Cassidy R. Sugimoto

Cassidy Sugimoto is Professor of Informatics at the School of Informatics, Computing, and Engineering at Indiana University Bloomington. She is also currently serving a rotation with the National Science Foundation as the Program Director for the Science of Science and Innovation Policy (SciSIP) program. Sugimoto's research expertise is broadly situated in the domains of science policy, scholarly communication, and scientometrics. Simply speaking, she investigates the ways in which knowledge is produced, disseminated, and rewarded, with a particular interest in issues of diversity and inclusion. She is interested in broad dissemination and accessibility of her own research. To this end, she has edited and authored several books, the most recent of which--Measuring Research: What everyone needs to know--is a primer for those new to scientometrics. Her publication record is extensive and varied--including publication venues such as Nature, The Lancet, PLOS ONE, Social Studies of Science, JASIST, and Scientometrics. She regularly presents across the globe and her work is regularly covered by major press outlets, such as Nature, Science, The Economist, The New York Times, and The Guardian. Her work has been supported by the National Science Foundation, the Institute for Museum and Library Services, and the Sloan Foundation. Sugimoto is actively involved in teaching and service and has been recognized in these areas with an Indiana University Trustees Teaching award and a national service award from the Association for Information Science and Technology. She is currently serving as President of the International Society for Scientometrics and Informetrics. Sugimoto has an undergraduate degree in music performance, an MS in library science, and a PhD in information and library science, all from the University of North Carolina at Chapel Hill.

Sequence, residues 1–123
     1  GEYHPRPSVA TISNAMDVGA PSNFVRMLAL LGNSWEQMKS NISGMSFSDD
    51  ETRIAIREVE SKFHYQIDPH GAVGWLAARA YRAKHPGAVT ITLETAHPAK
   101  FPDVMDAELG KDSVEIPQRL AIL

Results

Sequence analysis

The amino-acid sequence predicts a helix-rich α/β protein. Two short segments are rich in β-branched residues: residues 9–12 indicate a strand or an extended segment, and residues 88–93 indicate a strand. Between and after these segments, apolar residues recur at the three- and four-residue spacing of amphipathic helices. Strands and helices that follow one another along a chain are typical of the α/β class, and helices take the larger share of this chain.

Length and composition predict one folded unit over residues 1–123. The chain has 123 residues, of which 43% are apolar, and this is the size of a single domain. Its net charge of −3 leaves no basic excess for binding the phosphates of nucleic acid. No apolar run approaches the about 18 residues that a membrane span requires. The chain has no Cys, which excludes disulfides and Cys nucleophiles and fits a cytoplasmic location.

Gender Disparities in Science


Incubators of Knowledge

Digging Into Data

SLOAN Project

IMLS IDEASc Fellowship


It is through and by means of education, many of us believe, that individuals can be provoked to reach beyond themselves in their intersubjective space. It is through and by means of education that they may become empowered to think about what they are doing, to become mindful, to share meanings, to conceptualize, to make varied sense of their lived worlds. It is through education that preferences may be released, languages learned, intelligences developed, perspectives opened, possibilities disclosed.

Maxine Greene

The Dialectic of Freedom (1998), p. 12.


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Bloomington, IN 47408
P: (812) 856-2323

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Department of Computer Science and Informatics
School of Informatics and Computing
Indiana University
919 E. 10th Street, Bloomington, IN 47408